One particular cherished memory was a day I spent fishing the East Dart around Postbridge. I caught the bus from Plymouth to Postbridge and spent the day exploring the East Dart. Since I arrived by bus I did not have waders but only a pair of wellies which meant that I had to creep up the edge of the river. I caught a good number of trout on small dry flies. The most successful fly was a comparadun. This is a simple fly made of hare’s ear and deer hair. A size 14 is about the right size. When fishing these streams it is import to keep a low profile and keep to the edge of the river as far as possible. It is also most effective to work upstream and to cast the fly into all the most likely spots. Don’t stay in one spot too long.

Care must be taken when walking these streams. On one occasion when fishing the West Dart I was concentrating on some rising fish on the opposite side of the river. I failed to see a hole, into which I fell and broke my foot. This did not stop me fishing and the cool waters of the Dart helped to reduce the swelling on my foot. I did however take it to casualty the next day.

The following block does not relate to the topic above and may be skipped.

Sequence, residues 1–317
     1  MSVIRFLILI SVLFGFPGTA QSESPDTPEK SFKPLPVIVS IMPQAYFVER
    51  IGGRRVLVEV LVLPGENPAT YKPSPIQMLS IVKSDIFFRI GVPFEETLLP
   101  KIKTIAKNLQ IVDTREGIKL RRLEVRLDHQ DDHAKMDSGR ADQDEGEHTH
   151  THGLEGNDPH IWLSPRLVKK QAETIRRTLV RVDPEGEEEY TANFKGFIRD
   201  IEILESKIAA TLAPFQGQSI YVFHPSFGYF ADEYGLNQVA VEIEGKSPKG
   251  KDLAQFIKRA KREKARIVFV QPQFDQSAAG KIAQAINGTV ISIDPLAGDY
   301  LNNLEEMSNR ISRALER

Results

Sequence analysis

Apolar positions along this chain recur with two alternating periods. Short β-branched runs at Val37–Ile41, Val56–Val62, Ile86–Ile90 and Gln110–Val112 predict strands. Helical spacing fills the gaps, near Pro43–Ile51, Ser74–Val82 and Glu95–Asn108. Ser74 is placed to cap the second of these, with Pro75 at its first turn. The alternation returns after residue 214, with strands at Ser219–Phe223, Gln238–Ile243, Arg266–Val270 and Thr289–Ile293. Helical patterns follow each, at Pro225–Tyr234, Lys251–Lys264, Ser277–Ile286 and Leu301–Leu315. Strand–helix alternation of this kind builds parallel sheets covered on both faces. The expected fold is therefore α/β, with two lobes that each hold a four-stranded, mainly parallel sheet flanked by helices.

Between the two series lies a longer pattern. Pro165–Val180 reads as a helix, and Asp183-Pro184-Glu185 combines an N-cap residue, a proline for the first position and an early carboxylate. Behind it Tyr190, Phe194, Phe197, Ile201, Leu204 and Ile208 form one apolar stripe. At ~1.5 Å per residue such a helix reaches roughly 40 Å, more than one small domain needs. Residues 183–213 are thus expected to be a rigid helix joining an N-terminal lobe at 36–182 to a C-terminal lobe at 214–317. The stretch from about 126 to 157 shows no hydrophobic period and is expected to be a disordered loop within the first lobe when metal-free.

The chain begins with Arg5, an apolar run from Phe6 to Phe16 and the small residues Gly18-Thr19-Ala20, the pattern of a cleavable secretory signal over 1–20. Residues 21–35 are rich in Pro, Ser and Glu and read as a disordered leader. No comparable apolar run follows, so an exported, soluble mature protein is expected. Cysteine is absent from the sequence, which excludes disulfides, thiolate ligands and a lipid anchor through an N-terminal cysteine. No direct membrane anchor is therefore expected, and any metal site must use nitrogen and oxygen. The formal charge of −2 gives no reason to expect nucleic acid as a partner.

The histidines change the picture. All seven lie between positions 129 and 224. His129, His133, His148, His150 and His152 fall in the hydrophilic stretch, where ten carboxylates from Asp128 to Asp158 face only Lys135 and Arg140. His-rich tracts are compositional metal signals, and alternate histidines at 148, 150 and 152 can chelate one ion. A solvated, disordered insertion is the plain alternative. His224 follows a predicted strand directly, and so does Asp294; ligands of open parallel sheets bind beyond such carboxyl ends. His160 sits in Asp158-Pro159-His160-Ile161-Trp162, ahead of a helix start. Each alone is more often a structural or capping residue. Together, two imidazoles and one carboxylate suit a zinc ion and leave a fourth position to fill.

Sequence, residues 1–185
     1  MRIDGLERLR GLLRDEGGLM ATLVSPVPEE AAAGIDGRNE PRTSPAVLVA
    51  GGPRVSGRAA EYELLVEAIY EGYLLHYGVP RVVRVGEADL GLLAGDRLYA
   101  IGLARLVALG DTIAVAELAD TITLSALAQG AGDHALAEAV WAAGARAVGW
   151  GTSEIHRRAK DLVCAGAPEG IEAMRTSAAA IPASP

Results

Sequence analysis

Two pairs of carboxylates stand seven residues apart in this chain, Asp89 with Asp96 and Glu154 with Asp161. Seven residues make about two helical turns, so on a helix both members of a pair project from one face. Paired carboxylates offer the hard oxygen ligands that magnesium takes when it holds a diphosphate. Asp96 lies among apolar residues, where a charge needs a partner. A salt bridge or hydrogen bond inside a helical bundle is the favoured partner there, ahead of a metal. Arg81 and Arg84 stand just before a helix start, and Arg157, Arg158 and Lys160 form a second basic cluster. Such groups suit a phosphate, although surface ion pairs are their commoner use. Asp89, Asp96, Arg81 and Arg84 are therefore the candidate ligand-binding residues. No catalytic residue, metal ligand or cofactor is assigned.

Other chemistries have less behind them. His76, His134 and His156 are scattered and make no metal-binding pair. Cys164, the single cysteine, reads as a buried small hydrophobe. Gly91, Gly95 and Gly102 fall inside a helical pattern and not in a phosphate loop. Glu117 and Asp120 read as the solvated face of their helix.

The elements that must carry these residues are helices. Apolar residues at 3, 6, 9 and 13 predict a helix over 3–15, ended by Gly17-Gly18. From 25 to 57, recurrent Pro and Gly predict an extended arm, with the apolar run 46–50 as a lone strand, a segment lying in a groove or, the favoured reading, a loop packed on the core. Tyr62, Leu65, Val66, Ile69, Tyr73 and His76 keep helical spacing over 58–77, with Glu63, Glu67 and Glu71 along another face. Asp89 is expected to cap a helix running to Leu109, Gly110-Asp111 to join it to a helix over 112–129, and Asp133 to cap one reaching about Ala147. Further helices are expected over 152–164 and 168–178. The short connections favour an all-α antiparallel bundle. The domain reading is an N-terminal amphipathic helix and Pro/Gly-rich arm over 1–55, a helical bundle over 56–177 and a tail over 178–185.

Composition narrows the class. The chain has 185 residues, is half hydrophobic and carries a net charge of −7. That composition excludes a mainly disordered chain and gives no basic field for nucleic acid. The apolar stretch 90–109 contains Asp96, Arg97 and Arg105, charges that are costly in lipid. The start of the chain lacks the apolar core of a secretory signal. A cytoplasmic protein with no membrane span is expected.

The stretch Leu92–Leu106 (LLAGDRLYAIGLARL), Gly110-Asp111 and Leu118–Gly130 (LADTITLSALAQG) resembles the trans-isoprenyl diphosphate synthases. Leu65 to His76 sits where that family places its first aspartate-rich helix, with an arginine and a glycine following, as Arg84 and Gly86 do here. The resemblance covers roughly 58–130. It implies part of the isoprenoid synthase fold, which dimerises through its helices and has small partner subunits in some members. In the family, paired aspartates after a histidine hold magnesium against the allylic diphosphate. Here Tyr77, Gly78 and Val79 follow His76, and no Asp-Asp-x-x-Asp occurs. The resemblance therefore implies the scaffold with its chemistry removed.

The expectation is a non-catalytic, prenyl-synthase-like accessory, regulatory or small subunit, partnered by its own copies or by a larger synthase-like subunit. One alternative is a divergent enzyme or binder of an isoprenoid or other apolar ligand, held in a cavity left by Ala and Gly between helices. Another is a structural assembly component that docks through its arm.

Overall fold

Fishing these streams is the essence of what trout fishing is all about. Being able to fish the stream and become one with the environment is what makes fishing these rivers so enjoyable. I well remember on one occasion fishing late in the evening hearing a crunching behind me. When I turned round there was a fox hunting for snails and slugs in a boggy patch behind where I was fishing.

In this short piece I have tried to sum up some of my experiences fishing the River Dart on Dartmoor. I hope you enjoy it too and will try and fish there.

By richard adeney, Sep 6 2018 02:17PM

Japanese tenkara flies, known as Kebari in Japanese, tend to be simple spider like flies. They often have forward facing hackles but not always. The subject of this blog post is tying a simple forward hackled Kebari with a pheasant tail collar and red brown body.


Hook: barbless size 12 straight eye

Thread: rust brown 8/0 thread

Hackle: partridge breast

Collar: three fibres cock pheasant tail


Place hook in vice and wind on thread.

Make a small pad of thread in the front third of the hook and then trim off the waste thread.

Now prepare the partridge hackle and then tie it in by the tip with the hackle facing upwards. Trim the waste material.

Hold the hackle by the butt end and then stroke the fibres forward. Then wind the hackle onto the hook stroking the fibres forward as you do it and then secure the hackle at the back. The hackle fibres should be facing forwards.